Frank Busch landed once at Tucson, Friday, April 4, 1930. He carried a single passenger identified as G. Sprado. They arrived late, at 8:15 PM. They were westbound from El Paso, TX in American Eagle 201, NC222N. They remained in Tucson overnight, continuing to Los Angeles, CA the next day.
The image below, shared by friend of dmairfield.org, John Underwood, shows Busch on the left with another Register pilot, Tommy Tomlinson.
Frank Busch (L), With Tommy Tomlinson, Ca. 1935 (Source: Underwood)
There is no biographical file for pilot Busch at the NASM, so I'm hoping site visitors have INFORMATION to share with us about him. I'm fishing for clues here, so I hope you can help.
Busch's Web presence is very sparse. According to one TARPA Topics, Albuquerque, New Mexico was the location of the Eagle Nest Flight Training Center operated by Transcontinental & Western Airlines (TWA). TWA was contracted to operate B-24 Liberators in support of USAAC Ferry Command Operations. The program was established in June 1941 and got underway in July. As a TWA pilot of the line, Frank Busch was assigned to head of twin-engine instruction, and was trained in the 4-engine Liberator on July 15th and 16th. Busch is pictured on page 33 at the link.
The Albuquerque training facility was established to reduce the number of losses in the North Atlantic by military planes flying from Gander, N.F. to Prestwick, Scotland. At the outbreak of WWII, the facility was taken over by the military. Register pilot Larry Fritz managed the trans-Atlantic operation.
Busch later was TWA VP of Operations. Frank E. Busch appears in the Social Security Death Index. He was born June 6, 1904 and died October 16, 1996. Below, a respectful obituary and tribute by Bill Towner that appeared in the TARPA Topics for March, 1997.
CAPTAIN FRANK BUSCH
June 6, 1904 - October 16, 1996
Frank Busch, went west early Wednesday morning, October 16, 1996, at his home in Camarillo, Ca. Frank was born on June 6, 1904, on board ship en route from Sydney, Australia to Vancouver, British Columbia. He spent his early years in Pasadena, California, and later graduated from USC in 1927, with a BA Degree.
His parents expected him to go into the family enterprise, The Anheuser-Busch Brewing Company; however, Frank had discovered the airplane. He began taking flying lessons after graduating from USC, and soloed in a OX-5 Eaglerock shortly thereafter.
He flew around Southern California and Northern Mexico for a couple of years, and then enlisted as a cadet in the U.S. Army Air Corps. He was in the first class of cadets to graduate from Randolph Field, the Air Corps Primary Flight School, and graduated from advanced training at Kelly Field as a Second Lieutenant Air Corps Reserve. He was posted to March Field which was under the command of Major "Hap" Arnold at that time.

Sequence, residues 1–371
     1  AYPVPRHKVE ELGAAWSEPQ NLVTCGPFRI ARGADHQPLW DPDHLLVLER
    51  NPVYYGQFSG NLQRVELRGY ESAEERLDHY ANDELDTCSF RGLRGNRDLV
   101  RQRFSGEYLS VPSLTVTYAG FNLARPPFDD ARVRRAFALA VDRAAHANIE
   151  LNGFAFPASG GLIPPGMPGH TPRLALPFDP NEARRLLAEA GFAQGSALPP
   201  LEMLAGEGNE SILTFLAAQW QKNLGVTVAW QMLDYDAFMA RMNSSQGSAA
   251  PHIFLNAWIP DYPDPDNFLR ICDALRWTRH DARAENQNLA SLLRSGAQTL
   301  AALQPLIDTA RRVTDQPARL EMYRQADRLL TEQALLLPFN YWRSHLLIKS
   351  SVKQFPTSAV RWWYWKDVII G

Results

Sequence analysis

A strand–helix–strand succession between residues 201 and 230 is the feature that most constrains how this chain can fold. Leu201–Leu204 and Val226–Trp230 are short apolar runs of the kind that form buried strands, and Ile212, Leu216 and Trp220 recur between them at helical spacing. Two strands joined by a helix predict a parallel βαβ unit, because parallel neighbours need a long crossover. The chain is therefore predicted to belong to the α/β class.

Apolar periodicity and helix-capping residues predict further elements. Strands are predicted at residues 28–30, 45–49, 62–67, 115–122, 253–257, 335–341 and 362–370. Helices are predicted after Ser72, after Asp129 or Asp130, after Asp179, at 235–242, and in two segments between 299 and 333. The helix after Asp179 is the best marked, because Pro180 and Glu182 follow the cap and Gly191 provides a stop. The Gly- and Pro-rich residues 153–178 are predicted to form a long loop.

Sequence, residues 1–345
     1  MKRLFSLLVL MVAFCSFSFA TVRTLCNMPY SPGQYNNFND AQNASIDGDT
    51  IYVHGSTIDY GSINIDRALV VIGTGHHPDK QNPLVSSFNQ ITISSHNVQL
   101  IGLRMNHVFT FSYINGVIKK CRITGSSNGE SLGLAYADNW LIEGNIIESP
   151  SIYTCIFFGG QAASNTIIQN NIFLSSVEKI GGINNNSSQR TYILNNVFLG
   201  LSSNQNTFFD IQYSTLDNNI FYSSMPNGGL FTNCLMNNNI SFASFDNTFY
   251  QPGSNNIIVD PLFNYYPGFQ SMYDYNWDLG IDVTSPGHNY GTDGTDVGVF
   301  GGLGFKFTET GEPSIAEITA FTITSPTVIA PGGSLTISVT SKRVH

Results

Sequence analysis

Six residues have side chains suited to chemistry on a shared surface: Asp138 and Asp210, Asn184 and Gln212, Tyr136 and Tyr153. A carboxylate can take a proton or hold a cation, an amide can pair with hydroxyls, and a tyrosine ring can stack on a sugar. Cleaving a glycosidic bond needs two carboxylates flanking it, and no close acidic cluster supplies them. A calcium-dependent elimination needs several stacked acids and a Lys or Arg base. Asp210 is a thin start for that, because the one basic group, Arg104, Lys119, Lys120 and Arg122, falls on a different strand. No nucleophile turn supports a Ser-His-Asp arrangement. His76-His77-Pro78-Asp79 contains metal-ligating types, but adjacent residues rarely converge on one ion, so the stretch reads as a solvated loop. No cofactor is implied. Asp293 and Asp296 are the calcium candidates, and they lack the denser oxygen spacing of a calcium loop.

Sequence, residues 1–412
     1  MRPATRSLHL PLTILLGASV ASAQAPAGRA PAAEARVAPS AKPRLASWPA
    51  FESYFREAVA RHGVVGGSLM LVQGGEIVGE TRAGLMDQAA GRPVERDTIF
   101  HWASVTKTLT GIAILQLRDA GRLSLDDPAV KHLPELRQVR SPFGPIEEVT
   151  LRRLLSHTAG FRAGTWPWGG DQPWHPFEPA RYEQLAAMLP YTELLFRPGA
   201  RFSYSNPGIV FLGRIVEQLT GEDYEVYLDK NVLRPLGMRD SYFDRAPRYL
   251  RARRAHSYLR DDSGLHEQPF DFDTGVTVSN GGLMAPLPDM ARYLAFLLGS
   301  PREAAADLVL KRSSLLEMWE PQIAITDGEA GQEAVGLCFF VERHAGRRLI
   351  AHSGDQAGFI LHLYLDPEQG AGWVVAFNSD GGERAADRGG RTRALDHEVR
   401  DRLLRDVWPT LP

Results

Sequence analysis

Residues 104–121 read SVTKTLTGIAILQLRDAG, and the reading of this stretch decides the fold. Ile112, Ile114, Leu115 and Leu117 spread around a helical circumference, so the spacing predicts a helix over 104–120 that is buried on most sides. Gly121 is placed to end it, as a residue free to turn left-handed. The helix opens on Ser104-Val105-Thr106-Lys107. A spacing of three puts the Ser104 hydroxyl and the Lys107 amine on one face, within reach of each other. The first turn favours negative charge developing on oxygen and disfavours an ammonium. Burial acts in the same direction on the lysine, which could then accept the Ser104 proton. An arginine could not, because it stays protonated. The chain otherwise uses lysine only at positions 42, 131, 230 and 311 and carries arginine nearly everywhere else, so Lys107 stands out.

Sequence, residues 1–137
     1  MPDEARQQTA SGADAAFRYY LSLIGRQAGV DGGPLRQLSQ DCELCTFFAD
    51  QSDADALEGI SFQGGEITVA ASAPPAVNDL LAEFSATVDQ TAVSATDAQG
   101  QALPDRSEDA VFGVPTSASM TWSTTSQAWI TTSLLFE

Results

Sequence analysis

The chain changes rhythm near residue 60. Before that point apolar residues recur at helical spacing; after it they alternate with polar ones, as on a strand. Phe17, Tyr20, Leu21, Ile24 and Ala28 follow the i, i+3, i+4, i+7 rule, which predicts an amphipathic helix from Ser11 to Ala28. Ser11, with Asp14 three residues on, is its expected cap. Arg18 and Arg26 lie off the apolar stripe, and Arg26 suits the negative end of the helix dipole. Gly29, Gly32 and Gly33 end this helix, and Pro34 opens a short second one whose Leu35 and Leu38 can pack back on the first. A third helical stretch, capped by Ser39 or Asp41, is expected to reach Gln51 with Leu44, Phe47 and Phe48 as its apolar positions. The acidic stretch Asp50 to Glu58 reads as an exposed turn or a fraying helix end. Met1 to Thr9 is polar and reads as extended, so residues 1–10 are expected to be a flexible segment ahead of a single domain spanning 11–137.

When the U.S. Post Office Department temporarily canceled the private airmail contracts in February 1934, the Air Corps was given the task. Frank was assigned to fly the mail on the leg from Milford, Utah, to Las Vegas and return on a regular basis. The flying was nearly all nighttime and the equipment used was the ungainly, open cockpit, Keystone Bomber of that era.
By the first of June 1934, after four months of flying the U.S. Mail in terrible weather, the Post Office saw fit to renew the mail contracts with private companies. Frank went back to his duties at March Field and when his enlistment period was up he went looking for work with the reorganized airline companies.
On April 24th, 1935, Frank went to work as a co-pilot for TWA. In 1939 he checked out as Captain and in 1940 he became a check pilot. He worked in that capacity until 1942 when he became Chief Flight Instructor at the Eagle's Nest, a TWA - run operation at Albuquerque, N.M., to instruct U.S. and U.K. military pilots in the operation of four engine aircraft. Once the Eagle's Nest was operating smoothly he was transferred to Washington, D.C., to assist in setting up TWA's new Intercontinental Division (ICD). He later became Chief of that Division. After WW II, Frank was promoted to General Manager of Operations TWA. Then in March of 1956 he was appointed V.P. of Flight Operations.
When Frank retired in 1964, his colleagues gathered in New York's Union League Club to wish him well. He was lauded for his war time service and for his dedicated work for TWA. Following his retirement, his sloop "Skeeter" was a familiar sight along the California Coast and around Catalina Island. He could be seen often on the golf course at Las Posas Country Club. In recent years he returned to his first love - the airplane, and his Cessna Cardinal (604 Foxtrot Bravo) could often be seen or heard around Southern California skies.
He is survived by his wife, two children, six grandchildren and six great-grandchildren.
His Cessna can be viewed at the link (no guarantee of link longevity; please let me KNOW if it's broken).
THIS PAGE UPLOADED: 03/04/10 REVISED: 02/21/12